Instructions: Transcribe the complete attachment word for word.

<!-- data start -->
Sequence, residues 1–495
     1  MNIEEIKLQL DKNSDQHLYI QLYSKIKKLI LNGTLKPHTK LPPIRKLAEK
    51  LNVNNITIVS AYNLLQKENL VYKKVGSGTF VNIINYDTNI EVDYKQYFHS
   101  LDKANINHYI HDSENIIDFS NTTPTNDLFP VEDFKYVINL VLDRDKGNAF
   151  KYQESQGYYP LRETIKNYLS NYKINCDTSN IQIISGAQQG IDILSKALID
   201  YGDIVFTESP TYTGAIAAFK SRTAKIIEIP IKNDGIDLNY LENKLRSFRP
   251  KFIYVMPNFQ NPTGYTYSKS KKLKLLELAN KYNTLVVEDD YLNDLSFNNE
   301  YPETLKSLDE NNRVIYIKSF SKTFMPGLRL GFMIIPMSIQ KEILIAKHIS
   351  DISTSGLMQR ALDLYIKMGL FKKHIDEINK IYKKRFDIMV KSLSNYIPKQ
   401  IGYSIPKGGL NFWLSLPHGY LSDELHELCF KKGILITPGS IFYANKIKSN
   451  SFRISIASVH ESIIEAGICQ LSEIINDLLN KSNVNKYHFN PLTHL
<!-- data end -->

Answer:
Sequence, residues 1–495
     1  MNIEEIKLQL DKNSDQHLYI QLYSKIKKLI LNGTLKPHTK LPPIRKLAEK
    51  LNVNNITIVS AYNLLQKENL VYKKVGSGTF VNIINYDTNI EVDYKQYFHS
   101  LDKANINHYI HDSENIIDFS NTTPTNDLFP VEDFKYVINL VLDRDKGNAF
   151  KYQESQGYYP LRETIKNYLS NYKINCDTSN IQIISGAQQG IDILSKALID
   201  YGDIVFTESP TYTGAIAAFK SRTAKIIEIP IKNDGIDLNY LENKLRSFRP
   251  KFIYVMPNFQ NPTGYTYSKS KKLKLLELAN KYNTLVVEDD YLNDLSFNNE
   301  YPETLKSLDE NNRVIYIKSF SKTFMPGLRL GFMIIPMSIQ KEILIAKHIS
   351  DISTSGLMQR ALDLYIKMGL FKKHIDEINK IYKKRFDIMV KSLSNYIPKQ
   401  IGYSIPKGGL NFWLSLPHGY LSDELHELCF KKGILITPGS IFYANKIKSN
   451  SFRISIASVH ESIIEAGICQ LSEIINDLLN KSNVNKYHFN PLTHL